Sleep apnoea and congestive heart failure (CHF) commonly co-exist, but their interaction is unclear. Metabolomics may clarify their interaction and relationships to outcome.
We assayed 372 circulating metabolites and lipids in 1919 and 1524 participants of the Framingham Heart Study (FHS) (mean age 54 ± 10 years, 53% women) and Women’s Health Initiative (WHI) (mean age 67 ± 7 years), respectively. We used linear and Cox regression to relate plasma concentrations of metabolites and lipids to echocardiographic parameters; CHF and its subtypes heart failure with reduced ejection fraction (HFrEF) and heart failure with preserved ejection fraction (HFpEF); and sleep indices. Adenine dinucleotide phosphate (ADP) associated with left ventricular (LV) fractional shortening; phosphocreatine with LV wall thickness; lysosomal storage molecule sphingomyelin 18:2 with LV mass; and nicotine metabolite cotinine with time spent with an oxygen saturation less than 90% (β = 2.3 min, P = 2.3 × 10−5). Pro-hypertrophic metabolite hydroxyglutarate partly mediated the association between LV wall thickness and HFpEF. Central sleep apnoea was significantly associated with HFpEF (P = 0.03) but not HFrEF (P = 0.5). There were three significant metabolite canonical variates, one of which conferred protection from cardiovascular death [hazard ratio = 0.3 (0.11, 0.81), P = 0.02].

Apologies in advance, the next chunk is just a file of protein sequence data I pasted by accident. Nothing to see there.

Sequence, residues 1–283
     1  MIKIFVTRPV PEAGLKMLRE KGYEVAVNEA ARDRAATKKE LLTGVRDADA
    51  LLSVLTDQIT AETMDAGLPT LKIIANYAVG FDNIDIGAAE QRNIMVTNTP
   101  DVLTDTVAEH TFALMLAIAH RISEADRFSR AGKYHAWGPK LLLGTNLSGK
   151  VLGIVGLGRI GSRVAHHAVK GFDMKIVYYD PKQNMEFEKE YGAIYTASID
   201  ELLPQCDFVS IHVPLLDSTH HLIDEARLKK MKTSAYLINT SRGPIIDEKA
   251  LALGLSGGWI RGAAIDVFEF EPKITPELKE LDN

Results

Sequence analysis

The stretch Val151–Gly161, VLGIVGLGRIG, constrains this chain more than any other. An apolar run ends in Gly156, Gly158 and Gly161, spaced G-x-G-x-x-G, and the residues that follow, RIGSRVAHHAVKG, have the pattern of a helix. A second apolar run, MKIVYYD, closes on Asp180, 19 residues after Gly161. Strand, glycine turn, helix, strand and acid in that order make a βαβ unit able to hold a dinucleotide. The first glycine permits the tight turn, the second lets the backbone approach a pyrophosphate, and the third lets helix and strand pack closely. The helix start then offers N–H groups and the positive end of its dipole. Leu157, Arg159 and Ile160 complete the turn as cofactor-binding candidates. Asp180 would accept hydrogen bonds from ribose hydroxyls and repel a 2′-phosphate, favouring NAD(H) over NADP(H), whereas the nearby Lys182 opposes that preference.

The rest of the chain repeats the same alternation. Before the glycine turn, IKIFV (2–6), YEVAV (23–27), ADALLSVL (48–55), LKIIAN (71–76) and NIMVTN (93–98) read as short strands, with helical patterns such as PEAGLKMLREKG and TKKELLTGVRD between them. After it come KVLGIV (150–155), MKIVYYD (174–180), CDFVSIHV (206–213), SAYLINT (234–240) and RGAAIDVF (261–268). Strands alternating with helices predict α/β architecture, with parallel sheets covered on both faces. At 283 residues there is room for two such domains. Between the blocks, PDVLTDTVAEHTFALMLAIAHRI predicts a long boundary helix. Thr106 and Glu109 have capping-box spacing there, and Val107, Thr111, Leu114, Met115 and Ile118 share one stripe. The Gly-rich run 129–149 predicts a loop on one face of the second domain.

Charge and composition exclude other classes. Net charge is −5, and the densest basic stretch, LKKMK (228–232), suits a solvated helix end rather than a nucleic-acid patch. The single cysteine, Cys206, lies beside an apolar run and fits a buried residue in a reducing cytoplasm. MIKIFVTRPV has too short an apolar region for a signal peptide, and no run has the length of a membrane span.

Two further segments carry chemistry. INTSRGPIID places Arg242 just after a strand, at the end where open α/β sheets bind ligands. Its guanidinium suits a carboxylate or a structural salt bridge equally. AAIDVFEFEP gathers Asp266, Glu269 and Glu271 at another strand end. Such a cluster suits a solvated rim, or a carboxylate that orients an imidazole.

Energetic metabolites were associated with cardiac function; energy- and lipid-storage metabolites with LV wall thickness and mass; plasma levels of nicotine metabolite cotinine were associated with increased time spent with a sleep oxygen saturation less than 90%, a clinically significant marker of outcome, indicating a significant hazard for smokers who have sleep apnoea.